It’s the Most Wonderful Time to Follow These Holiday Pet Tips

Friday, December 10, 2021

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light colored dog in profile with a Christmas tree with colorful lights in the background

It’s the most wonderful time of the year! The winter holidays bring loads of cheer as the warm smell of baked goods and treats fill the house, lights cast a warm glow over freshly-lain snow, and loved ones gather near. Although these staples of December bring loads of joy to many, they pose potential risks to our furry companions if not handled properly. Have a holly, jolly Christmas for you and your pet by following these holiday pet tips!

Cups of Cheer

Christmas cookies for Santa resting upon the fireplace, hot cocoa in warm mugs, candy canes galore, and other wonderful desserts make the holidays a tempting time with treats for people and pups alike. But remember that while these scrumptious treats may be safe for Santa, they can be harmful to our furry companions. Some savory foods may be dangerous, as well. During the holidays, most animal ER visits are due to pets eating something that is unhealthy or toxic for them. Christmas cheer and your pets’ expertise in begging may make it tempting to share, but too much rich food consumed by a pet can lead to serious inflammation of the pancreas, which can be life-threatening. Your pets will feel a lot jollier if they stick to their normal diet.

Keep trash cans secure at all times – many items used in meal preparation can become dangerous if thrown away carelessly. When cleaning up after a meal, keep all leftovers securely sealed behind a pet-proof door.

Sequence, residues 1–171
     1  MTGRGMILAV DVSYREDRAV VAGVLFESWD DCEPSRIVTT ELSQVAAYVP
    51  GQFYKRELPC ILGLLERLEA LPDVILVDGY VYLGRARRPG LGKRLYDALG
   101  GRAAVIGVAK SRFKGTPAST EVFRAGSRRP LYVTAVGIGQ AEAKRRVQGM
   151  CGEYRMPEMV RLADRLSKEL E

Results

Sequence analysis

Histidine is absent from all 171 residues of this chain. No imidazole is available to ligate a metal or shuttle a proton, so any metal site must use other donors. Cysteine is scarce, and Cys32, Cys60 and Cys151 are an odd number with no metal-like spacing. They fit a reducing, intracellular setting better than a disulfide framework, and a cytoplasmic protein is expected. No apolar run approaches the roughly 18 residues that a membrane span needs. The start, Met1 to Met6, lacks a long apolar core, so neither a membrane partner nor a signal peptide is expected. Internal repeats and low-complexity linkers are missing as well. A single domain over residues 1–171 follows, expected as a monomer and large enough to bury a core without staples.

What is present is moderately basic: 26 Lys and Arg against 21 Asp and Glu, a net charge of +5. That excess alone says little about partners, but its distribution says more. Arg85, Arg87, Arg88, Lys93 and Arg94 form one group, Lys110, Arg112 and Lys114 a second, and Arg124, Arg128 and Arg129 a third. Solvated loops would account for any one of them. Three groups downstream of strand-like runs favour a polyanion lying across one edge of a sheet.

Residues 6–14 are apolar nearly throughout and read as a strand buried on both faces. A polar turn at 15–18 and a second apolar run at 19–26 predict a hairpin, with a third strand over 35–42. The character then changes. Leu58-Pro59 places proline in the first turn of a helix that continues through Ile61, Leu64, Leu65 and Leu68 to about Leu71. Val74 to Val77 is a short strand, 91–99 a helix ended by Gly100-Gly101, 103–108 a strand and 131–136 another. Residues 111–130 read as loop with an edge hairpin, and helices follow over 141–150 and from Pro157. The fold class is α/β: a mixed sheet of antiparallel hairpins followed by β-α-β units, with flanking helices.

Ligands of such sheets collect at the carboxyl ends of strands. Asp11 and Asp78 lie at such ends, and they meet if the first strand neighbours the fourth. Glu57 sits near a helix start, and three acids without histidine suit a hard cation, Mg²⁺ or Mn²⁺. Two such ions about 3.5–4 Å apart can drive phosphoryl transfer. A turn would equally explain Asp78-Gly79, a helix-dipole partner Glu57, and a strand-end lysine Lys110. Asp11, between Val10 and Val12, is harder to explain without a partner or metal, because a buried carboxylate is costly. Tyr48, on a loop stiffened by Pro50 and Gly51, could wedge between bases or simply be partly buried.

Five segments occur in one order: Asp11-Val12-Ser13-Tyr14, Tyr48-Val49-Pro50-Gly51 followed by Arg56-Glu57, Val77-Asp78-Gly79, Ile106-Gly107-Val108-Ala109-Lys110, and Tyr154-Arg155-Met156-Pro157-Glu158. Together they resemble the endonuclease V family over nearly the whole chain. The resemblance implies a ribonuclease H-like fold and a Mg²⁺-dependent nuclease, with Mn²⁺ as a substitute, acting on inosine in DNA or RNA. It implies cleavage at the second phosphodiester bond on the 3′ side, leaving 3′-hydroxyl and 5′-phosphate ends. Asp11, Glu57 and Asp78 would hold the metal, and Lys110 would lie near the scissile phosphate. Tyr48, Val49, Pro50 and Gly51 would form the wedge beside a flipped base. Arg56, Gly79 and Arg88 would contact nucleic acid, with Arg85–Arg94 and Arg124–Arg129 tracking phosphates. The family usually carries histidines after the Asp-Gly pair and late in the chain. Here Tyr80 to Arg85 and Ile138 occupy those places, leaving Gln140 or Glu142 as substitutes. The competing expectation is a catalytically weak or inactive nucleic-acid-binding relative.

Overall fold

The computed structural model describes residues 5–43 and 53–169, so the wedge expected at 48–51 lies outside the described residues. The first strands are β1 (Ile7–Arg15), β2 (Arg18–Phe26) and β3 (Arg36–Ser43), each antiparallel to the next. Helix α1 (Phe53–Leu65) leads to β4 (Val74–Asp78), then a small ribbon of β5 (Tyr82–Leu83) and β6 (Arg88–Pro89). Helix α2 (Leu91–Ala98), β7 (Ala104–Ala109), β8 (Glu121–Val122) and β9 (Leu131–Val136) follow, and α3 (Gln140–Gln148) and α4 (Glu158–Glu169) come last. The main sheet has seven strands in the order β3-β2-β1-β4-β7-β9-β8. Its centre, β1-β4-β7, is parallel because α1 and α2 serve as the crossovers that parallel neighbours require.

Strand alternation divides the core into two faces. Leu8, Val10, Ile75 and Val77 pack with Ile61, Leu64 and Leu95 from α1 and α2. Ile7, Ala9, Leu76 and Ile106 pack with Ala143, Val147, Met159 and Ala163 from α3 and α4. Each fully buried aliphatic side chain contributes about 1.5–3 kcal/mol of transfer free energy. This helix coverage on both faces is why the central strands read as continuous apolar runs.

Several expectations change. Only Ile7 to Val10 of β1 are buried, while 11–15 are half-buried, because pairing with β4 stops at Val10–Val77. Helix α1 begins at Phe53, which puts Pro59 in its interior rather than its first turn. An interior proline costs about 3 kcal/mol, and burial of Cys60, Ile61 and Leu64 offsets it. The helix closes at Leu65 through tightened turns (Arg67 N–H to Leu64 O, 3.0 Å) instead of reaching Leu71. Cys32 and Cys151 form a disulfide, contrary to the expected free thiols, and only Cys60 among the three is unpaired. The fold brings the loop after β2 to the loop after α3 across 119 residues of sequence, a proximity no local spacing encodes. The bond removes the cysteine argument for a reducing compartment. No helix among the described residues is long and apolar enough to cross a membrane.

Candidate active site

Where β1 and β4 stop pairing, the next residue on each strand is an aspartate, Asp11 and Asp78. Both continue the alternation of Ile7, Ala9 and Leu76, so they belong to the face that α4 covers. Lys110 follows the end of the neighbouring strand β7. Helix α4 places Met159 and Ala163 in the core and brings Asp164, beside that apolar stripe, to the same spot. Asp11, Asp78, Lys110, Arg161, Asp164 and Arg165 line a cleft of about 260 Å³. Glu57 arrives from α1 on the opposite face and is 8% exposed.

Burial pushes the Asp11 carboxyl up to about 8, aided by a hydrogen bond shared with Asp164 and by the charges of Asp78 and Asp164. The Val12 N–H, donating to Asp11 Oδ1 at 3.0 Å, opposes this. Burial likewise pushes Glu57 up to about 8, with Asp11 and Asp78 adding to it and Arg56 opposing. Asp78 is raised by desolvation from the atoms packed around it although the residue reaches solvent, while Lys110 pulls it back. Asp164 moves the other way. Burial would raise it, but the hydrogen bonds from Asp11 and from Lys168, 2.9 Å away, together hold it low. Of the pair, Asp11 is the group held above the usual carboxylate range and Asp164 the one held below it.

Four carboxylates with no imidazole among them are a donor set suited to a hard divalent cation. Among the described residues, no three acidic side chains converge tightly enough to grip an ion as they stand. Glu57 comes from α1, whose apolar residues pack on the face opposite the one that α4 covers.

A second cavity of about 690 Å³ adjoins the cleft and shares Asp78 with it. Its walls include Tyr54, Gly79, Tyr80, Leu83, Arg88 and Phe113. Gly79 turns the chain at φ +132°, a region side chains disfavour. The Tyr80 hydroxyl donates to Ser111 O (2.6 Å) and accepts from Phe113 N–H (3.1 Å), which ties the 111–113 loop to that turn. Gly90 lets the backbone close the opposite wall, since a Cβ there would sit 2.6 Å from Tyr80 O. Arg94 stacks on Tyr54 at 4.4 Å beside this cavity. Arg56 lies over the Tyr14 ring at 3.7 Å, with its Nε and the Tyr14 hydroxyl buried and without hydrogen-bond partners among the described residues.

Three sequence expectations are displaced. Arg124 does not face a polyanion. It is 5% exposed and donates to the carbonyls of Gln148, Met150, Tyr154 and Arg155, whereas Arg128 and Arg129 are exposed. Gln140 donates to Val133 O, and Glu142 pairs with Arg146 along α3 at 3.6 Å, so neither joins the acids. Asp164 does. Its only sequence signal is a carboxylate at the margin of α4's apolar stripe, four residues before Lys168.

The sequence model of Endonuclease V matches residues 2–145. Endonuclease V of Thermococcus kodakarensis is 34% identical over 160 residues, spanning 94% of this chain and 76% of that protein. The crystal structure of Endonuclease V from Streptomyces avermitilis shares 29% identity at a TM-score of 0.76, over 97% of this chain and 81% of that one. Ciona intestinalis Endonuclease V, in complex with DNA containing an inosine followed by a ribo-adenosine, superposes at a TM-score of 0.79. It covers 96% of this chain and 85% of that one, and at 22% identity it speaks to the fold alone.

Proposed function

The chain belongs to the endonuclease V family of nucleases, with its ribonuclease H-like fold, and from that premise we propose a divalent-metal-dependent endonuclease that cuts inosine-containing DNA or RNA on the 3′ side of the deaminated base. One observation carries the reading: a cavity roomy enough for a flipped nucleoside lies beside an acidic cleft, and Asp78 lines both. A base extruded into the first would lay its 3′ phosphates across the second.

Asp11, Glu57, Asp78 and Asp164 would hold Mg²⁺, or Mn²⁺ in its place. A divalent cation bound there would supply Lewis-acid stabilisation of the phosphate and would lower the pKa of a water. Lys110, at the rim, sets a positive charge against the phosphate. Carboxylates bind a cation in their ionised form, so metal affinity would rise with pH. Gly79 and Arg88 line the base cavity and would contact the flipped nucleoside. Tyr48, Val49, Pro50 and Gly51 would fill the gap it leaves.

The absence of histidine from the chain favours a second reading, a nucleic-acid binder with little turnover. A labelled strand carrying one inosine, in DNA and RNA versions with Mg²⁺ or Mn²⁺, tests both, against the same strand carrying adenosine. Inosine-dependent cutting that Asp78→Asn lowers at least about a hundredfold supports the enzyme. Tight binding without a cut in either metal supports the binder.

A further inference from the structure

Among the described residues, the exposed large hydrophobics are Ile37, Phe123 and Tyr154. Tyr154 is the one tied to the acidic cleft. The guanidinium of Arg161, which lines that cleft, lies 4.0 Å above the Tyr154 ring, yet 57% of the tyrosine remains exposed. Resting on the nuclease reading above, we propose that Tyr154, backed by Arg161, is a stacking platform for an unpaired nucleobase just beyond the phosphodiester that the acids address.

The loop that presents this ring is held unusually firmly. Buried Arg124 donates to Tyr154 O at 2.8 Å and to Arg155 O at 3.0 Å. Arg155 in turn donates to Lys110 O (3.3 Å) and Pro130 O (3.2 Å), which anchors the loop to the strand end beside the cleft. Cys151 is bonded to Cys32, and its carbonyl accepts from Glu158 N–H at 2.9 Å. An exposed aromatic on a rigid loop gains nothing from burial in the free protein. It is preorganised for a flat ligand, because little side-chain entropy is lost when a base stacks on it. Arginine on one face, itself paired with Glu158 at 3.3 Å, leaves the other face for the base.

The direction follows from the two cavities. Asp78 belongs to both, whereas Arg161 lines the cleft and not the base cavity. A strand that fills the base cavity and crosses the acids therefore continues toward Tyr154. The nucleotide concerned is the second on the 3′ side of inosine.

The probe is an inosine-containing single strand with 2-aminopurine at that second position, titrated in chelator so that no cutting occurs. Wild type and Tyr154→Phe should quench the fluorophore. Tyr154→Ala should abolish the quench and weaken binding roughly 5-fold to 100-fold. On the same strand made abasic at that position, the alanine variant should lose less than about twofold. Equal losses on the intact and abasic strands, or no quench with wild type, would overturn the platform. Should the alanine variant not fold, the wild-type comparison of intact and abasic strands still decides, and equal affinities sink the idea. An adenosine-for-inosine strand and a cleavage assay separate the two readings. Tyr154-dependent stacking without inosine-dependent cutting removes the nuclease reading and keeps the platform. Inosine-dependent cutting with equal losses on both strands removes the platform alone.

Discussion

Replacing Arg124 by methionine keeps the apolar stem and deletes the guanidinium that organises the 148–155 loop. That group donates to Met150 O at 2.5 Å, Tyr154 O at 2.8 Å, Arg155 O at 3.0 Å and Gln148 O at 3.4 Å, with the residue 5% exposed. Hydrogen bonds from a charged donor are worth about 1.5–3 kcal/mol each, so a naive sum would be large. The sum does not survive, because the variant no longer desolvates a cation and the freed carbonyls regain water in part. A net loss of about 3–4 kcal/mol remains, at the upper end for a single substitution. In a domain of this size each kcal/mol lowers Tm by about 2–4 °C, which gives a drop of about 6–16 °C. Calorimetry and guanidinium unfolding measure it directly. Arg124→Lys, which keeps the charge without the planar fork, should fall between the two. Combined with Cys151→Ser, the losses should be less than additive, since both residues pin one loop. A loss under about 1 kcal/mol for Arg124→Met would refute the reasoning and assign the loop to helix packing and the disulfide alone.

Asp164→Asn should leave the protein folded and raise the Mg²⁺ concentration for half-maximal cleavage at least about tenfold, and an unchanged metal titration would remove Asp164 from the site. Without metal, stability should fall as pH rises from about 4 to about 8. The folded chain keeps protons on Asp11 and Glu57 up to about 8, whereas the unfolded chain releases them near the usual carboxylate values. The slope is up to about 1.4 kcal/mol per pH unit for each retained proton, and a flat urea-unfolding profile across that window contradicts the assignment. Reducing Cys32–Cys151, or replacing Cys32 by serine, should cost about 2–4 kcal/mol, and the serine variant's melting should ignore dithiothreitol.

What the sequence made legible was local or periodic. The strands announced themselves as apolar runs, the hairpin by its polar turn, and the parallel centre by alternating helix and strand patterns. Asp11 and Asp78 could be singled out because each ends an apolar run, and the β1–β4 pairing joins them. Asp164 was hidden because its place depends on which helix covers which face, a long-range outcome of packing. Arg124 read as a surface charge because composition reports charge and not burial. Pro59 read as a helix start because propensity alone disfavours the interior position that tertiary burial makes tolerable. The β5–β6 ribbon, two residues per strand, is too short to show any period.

Deck the Halls Safely

It’s beginning to look a lot like Christmas! Decorating may be the most exciting part of the holidays, but keep in mind that some of these cheery decorations may be dangerous to pets. Decorative plants, such as mistletoe and holly, can cause vomiting and lilies are often deadly to cats. Ribbons and tinsel are especially attractive and hazardous to cats and other curious critters. Display these decorations off the floor and out of reach of your furry friends.

Keep an eye on electrical cords to ensure puppies and kittens don’t chew on them. An animal that has been electrocuted may appear unharmed immediately following the injury. However, approximately 1-36 hours after the incident, pulmonary edema begins to develop – a condition in which the lungs begin to fill with fluid and the animal displays very labored breathing, with an increased breathing rate and coughing. White or seared areas on the tongue or lips of your pet are other signs they have been chewing on an electrical cord.

Cats and other agile pets may be tempted to climb Christmas trees. Be aware of any breakable ornaments that may become a hazard and avoid garnishing your tree with any open-flame candles. Hang the heaviest ornaments at the base of your tree. Keep any valuables and candles on shelves out of reach of your furry friends to avoid heartbreaking incidents that can be the fault of an excited, wagging tail.

Many families carry on the tradition of choosing a live Christmas tree for their home. If this applies to your family, be aware that Christmas tree water is toxic when fertilizer is used. If an emergency occurs and your furry friend ingests toxic fertilizer, call the Animal Poison Control hotline at 1-888-426-4435.

Walking in a Winter Wonderland
A Boston Terrier stands in the snow wearing a blue sweater

When the weather outside is frightful, salt on roads and sidewalks may be caustic (cause burning or corrosion) to pets’ paw pads – be sure to wipe their feet after a walk or consider providing them with protective paw booties. Small pets are especially vulnerable to the frigid air – don’t be afraid to bundle them up in a festive sweater of their own!